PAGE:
LeBron goes to war with SA’s own ‘King James’
● Basketball legend LeBron James is accustomed to winning. But he may have met his match in burly retired South African kickboxer Andrew “Iceberg” Thomson.
The two heavyweights are in a legal battle over who has the right to be called “the king”.
Lawyers for the trademark company of the National Basketball Association superstar, who plays for the Cleveland Cavaliers, have instructed Thomson to withdraw an application to register the trademark King James Inc and delete his domain name kingjamesinc.co.za — or face litigation.
They claim James owns the trademark for King James and has licensed the trademark to Nike for clothing and accessories.
But Thomson, whose full name is James Andrew Thomson and who is known by the name King James in kickboxing circles, said he would not be bullied by James’s lawyers.
James “may be the king in America, but I am the king in Africa, and threatening me without knowing me means you are making a mistake”, he said.
“I was a professional fighter for 18 years. I fought all over the world in kickboxing and Thai boxing. I trademarked King James in Africa and also have a clothing company under the same name. I have models who are wearing my clothing.
“We are in the process of a legal battle and his lawyers tried some legal pressure, but my response was that he can buy my trademark, or pay me royalties on every King James product sold in Africa. My lawyers are handling the matter,” said Thomson, who won several international kickboxing titles before retiring in 2015.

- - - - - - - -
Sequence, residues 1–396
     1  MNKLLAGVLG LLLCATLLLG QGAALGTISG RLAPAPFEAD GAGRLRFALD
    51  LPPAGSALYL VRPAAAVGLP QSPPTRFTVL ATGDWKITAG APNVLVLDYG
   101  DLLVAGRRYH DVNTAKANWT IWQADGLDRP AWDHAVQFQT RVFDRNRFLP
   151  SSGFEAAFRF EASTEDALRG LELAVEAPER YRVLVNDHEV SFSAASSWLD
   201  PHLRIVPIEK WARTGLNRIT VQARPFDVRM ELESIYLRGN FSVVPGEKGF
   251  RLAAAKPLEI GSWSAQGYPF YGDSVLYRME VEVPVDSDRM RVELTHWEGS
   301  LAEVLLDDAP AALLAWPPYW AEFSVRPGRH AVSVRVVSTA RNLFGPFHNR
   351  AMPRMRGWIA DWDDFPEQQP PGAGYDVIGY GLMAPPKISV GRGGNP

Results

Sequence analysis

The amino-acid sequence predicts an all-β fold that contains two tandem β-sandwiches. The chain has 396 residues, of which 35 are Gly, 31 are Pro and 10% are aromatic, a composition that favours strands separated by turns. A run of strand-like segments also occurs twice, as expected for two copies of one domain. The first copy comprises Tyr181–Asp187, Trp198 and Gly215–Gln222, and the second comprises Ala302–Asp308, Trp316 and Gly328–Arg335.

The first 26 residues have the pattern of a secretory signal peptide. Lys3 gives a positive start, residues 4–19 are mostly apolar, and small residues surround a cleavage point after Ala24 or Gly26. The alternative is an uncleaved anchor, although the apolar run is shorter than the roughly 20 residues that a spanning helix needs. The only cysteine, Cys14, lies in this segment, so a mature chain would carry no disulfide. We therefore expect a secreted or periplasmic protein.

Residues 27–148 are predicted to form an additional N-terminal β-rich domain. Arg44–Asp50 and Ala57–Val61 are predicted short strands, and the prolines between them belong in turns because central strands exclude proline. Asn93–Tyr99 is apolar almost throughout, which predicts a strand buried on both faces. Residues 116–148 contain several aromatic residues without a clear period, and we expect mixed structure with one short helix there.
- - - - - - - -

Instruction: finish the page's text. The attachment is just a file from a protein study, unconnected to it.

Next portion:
In a letter dated April 19 and seen by the Sunday Times, lawyer Debbie Marriott, of Adams & Adams in Pretoria, acting for LBJ Trademarks, said Thomson’s trademark will “dilute our client’s reputation” and “diminish the value of its trademark and ultimately cause economic harm to it”.
She referred to James as “the famous basketball player who is known throughout the world, including in South Africa” and pointed out that he was listed last year by Time Magazine as one of the 100 most influential people in the world.
“Our client has arranged to license the King James trademark to Nike, which has made extensive and widespread use of the King James trademark around the world in various clothing and accessories, sporting goods and related articles,” she said.
“Our client has acquired rights at common law in the King James trademark in South Africa.”
Thomson’s lawyer, Don Emslie, of Emslie Attorneys in East London, confirmed receiving the letter and said the attorneys were “in talks”.
In his responding letter to Marriott, he said he could find “no evidence” of Nike using the King James trademark.
“Also, a Google search of the history of LeBron James’s shoe range indicates that he has never used the trademark King James in a shoe range. Furthermore I can find no evidence of your client, through Nike or otherwise, using the trademark ‘King James’ in South Africa.”
Emslie said Thomson “has elected the trademark name as a tribute to himself and with no intention of passing-off on Lebron James. The trademark is intended to be for martial arts apparel.”
Thomson, who is also known as the African Gangster, told the Sunday Times he would not give in to the “legal pressure”.
He said: “I’ve been a professional fighter since 1998 and LeBron started in 2003. I’ve been using my King James brand for years, before his brand.
“Is it because he happens to be a superstar that I must lose out? That is not going to happen.”
Retired South African kickboxing champion Andrew Thomson, left, and basketball legend LeBron James are battling over the right to the trademark King James.